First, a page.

All Optically Probing the Neural Codes of Perception in the Primate Brain

2024 Scientific Innovations Award
Hillel Adesnik, Ph.D.
University of California, Berkeley

How patterns of action potentials in space and time give rise to sensory experience is among the most enduring mysteries of biology. Despite decades of experiments correlating brain activity patterns with different aspects of perception, we still do not understand how different features of brain activity causally drive mental events. The goal of Dr. Adesnik’s research program is to crack the neural codes for visual perception – to understand how patterns of activity in the visual parts of the brain give rise to all our visual experiences, including our remarkably ability to recognize different faces and objects, and even to remember and recall different faces and objects for many years. To achieve this, we must develop a dictionary that relates specific patterns of brain activity to specific visual perceptions. Developing such a ‘dictionary’ requires powerful new optical technologies that can image and then recreate very precise patterns of activity in the brain. Dr. Adesnik’s lab has pioneered these technologies in rodents, but because their final goal is to understand high level visual perception (i.e., of faces and objects), they must work in non-human primates which have highly developed visual systems like our own. Since no group has ever been able to leverage these powerful imaging and photo-stimulation technologies in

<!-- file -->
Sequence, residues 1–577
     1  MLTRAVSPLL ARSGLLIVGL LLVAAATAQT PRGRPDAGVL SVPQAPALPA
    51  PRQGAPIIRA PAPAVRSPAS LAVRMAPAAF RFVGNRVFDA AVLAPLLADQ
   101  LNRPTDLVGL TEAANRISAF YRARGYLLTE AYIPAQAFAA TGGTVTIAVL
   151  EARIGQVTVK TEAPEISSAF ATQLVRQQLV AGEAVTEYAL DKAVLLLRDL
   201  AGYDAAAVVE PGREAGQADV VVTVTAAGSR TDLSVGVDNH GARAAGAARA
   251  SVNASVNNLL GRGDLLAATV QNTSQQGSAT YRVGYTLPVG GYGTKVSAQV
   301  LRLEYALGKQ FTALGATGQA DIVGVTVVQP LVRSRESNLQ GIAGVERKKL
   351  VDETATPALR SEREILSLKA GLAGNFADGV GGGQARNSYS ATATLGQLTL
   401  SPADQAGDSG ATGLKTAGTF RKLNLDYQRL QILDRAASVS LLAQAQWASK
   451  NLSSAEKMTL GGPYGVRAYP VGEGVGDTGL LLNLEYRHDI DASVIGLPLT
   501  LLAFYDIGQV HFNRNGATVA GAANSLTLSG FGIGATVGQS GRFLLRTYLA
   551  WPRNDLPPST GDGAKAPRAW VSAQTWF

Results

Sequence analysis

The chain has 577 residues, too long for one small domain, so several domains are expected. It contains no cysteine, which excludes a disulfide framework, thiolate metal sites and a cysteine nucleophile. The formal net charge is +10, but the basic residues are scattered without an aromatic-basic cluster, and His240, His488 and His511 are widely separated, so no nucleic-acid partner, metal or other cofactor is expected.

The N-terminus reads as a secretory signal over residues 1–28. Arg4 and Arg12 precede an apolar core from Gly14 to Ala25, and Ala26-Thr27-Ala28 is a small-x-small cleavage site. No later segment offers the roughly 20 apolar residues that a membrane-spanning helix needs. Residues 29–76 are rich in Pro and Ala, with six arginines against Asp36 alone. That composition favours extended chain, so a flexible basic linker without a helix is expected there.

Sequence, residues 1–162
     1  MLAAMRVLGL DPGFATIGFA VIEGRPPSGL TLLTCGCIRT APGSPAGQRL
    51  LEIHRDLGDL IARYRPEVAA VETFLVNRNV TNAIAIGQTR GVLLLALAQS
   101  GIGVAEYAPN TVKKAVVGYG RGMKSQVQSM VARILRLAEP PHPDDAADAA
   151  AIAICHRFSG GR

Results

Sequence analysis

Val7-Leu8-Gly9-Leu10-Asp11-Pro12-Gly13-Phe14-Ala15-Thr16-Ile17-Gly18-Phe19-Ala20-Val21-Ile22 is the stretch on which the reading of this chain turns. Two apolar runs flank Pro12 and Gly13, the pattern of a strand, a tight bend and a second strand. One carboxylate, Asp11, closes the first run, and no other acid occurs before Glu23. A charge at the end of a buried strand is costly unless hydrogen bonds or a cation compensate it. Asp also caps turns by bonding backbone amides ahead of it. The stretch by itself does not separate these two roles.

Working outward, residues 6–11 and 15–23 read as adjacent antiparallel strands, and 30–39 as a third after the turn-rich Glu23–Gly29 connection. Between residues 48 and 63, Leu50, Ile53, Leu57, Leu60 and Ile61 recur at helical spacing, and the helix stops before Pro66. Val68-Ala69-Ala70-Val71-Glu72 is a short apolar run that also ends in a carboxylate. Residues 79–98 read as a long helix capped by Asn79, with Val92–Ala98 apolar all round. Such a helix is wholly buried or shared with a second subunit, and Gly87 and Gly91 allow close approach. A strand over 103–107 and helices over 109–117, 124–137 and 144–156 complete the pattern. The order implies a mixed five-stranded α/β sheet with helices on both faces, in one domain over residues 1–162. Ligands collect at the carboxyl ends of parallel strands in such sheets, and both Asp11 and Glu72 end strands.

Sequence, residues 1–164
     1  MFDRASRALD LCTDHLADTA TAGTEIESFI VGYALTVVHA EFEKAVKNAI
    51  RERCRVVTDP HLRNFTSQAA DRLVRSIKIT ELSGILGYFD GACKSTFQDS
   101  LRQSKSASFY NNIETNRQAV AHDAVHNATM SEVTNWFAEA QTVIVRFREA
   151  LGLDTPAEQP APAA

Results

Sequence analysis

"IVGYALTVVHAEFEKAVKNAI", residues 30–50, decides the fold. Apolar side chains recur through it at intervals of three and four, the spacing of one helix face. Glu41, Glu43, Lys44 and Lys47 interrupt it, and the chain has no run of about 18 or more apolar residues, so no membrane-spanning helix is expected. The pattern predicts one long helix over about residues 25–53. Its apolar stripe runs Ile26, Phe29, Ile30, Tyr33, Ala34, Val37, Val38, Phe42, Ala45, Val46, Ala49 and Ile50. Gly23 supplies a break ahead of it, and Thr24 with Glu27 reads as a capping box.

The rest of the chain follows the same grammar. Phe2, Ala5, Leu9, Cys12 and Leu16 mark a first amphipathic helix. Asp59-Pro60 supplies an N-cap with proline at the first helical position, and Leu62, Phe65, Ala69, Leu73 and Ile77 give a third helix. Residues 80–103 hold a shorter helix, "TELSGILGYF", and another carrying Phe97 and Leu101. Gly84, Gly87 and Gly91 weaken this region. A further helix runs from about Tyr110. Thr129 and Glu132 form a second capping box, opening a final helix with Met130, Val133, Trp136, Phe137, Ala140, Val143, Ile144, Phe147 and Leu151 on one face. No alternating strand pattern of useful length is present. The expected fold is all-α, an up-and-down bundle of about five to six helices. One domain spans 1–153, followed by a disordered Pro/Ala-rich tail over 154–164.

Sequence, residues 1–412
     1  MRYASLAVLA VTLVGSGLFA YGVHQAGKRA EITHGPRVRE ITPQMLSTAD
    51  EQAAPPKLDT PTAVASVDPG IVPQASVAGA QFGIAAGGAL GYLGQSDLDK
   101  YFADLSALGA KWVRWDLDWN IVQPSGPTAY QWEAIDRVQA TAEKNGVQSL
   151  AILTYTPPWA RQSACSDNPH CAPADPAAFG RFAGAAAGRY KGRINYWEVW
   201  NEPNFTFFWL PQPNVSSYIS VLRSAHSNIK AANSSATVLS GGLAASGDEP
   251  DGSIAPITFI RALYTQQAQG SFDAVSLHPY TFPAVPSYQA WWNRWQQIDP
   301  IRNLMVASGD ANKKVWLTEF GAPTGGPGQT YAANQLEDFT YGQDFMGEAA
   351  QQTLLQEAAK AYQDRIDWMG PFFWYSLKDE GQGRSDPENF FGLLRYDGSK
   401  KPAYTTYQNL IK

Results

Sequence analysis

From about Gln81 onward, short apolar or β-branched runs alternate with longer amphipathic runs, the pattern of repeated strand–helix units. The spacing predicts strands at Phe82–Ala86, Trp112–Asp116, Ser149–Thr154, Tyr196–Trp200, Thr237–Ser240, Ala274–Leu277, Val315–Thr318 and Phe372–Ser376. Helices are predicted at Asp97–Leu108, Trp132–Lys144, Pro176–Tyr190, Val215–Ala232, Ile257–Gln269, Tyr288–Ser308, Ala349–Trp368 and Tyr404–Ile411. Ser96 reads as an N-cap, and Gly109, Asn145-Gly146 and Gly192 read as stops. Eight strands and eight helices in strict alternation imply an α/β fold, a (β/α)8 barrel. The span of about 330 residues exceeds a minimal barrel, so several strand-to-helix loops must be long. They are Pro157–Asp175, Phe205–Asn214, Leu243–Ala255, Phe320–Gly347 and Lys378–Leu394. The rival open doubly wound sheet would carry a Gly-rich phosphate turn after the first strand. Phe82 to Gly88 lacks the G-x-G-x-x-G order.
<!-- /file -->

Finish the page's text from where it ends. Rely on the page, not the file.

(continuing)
non-human primates, the key goal of this 2-year project is to develop and validate these approaches in the common marmoset, a relatively new model species for visual neuroscience. The marmoset is highly advantageous for because it has a visual system much like our own but has a small and flat (non-gyrated) cerebral cortex which makes direct, high-resolution imaging possible in any part of the visual system. By the end of this project, Dr Adesnik’s lab expects to have validated their approaches in marmosets and obtained critical new insights into the representation of faces and objects in the marmoset brain. This data will then allow them to apply for an NIH grant to substantially increase the scale of our investigation. Ultimately, they expect that by understanding the neural codes of perception, and by building these new technologies for primates, they should be able to apply this knowledge to cognitive disorders of perception in humans, and potentially develop optical devices that could correct these diseases.

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